Sewing up pockets of automation

I am reading a fascinating book: Stumbling on Happiness, by Harvard psychologist Daniel Gilbert. In addition to enjoying Gilbert’s logical mind and witty writing, I am exploring new ideas about how the mind works, including the human tendency to “misconceive our tomorrows and misestimate our satisfactions.

06/01/2007


I am reading a fascinating book: Stumbling on Happiness , by Harvard psychologist Daniel Gilbert. In addition to enjoying Gilbert’s logical mind and witty writing, I am exploring new ideas about how the mind works, including the human tendency to “misconceive our tomorrows and misestimate our satisfactions.” He reveals what scientists know about our brains’ abilities to imagine the future and remember the past, and how difficult it is to consider new possibilities—all of which is helpful whether you’re optimizing plant operations or designing an HMI screen.

Our human brain’s ability to predict how much we will enjoy something has a lot to do with how the choice is presented, what else we’re comparing it to, and how we’re feeling at the time, says Gilbert. It makes me think that we owe it to ourselves to try a new thing physically, in order to think in a new way.

In May, process industries editor Peter Welander met with the automation team of a large company at an off-site event. The team is contemplating stitching together the company’s “pockets of automation,” standardizing control hardware and software, and increasing communication above the PLC level. The ranking manager in charge had told his bosses that they could expect a significant costs savings payoff from the work of this group. Peter was one of the participants, presenting possibilities and facilitating discussion regarding how. Based on the group’s participation and ability to imagine, Peter reports that they have “tremendous potential to succeed.”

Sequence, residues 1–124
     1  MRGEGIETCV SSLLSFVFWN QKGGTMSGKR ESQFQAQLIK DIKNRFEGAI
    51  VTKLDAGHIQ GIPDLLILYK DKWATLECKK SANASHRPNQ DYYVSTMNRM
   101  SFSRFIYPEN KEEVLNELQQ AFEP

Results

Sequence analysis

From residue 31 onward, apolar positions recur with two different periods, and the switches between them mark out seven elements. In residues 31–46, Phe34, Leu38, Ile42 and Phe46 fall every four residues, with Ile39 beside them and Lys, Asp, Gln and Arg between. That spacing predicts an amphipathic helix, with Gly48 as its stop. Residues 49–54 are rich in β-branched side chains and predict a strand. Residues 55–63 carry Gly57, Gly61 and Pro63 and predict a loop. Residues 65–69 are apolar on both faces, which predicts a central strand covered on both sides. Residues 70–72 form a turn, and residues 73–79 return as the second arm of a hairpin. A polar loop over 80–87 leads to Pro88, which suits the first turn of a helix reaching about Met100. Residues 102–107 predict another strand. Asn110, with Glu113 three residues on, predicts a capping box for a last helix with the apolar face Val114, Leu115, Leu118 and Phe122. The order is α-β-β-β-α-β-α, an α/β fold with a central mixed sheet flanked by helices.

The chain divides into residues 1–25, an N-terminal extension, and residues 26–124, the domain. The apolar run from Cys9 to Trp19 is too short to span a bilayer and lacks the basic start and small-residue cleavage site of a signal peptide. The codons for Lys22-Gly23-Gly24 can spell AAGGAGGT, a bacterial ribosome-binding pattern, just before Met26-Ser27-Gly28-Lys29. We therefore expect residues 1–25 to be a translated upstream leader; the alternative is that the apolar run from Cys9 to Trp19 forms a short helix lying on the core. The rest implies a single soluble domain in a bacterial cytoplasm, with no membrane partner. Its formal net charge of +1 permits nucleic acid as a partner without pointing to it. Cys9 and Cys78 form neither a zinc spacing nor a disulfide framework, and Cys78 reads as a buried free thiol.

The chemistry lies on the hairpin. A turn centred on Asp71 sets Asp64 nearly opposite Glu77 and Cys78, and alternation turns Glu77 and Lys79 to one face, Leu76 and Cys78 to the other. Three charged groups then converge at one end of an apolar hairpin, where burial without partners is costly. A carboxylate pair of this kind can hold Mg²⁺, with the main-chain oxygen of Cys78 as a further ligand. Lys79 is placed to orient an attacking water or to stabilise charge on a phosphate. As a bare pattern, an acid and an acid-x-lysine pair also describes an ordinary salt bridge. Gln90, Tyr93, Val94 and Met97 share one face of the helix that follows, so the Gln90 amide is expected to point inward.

So, give yourself some room to move. Gather at the science center for a brainstorming session. Consider how your HMI interface is or isn’t like the homepage of your favorite sports Website. Download a podcast to your MP3 player and ponder, say, motion control trends while you’re working out. (There are new podcasts online right now on www.controleng.com from Control Engineering’s Mark Hoske on industrial Ethernet, and Yaskawa’s John Payne on motion control, among others.)

We don’t need a Harvard psychologist to remind us that doing the same thing in the same way can lead to staleness. But, Gilbert does it so well, I’ll let him close: “Among life’s cruelest truths is this one: Wonderful things are especially wonderful the first time they happen, but their wonderfulness wanes with repetition….Psychologists call this habituation, economists call it declining marginal utility, and the rest of us call it marriage.” To combat this tendency, he says, administer liberal doses of variety and time.

renee.robbins@reedbusiness.com





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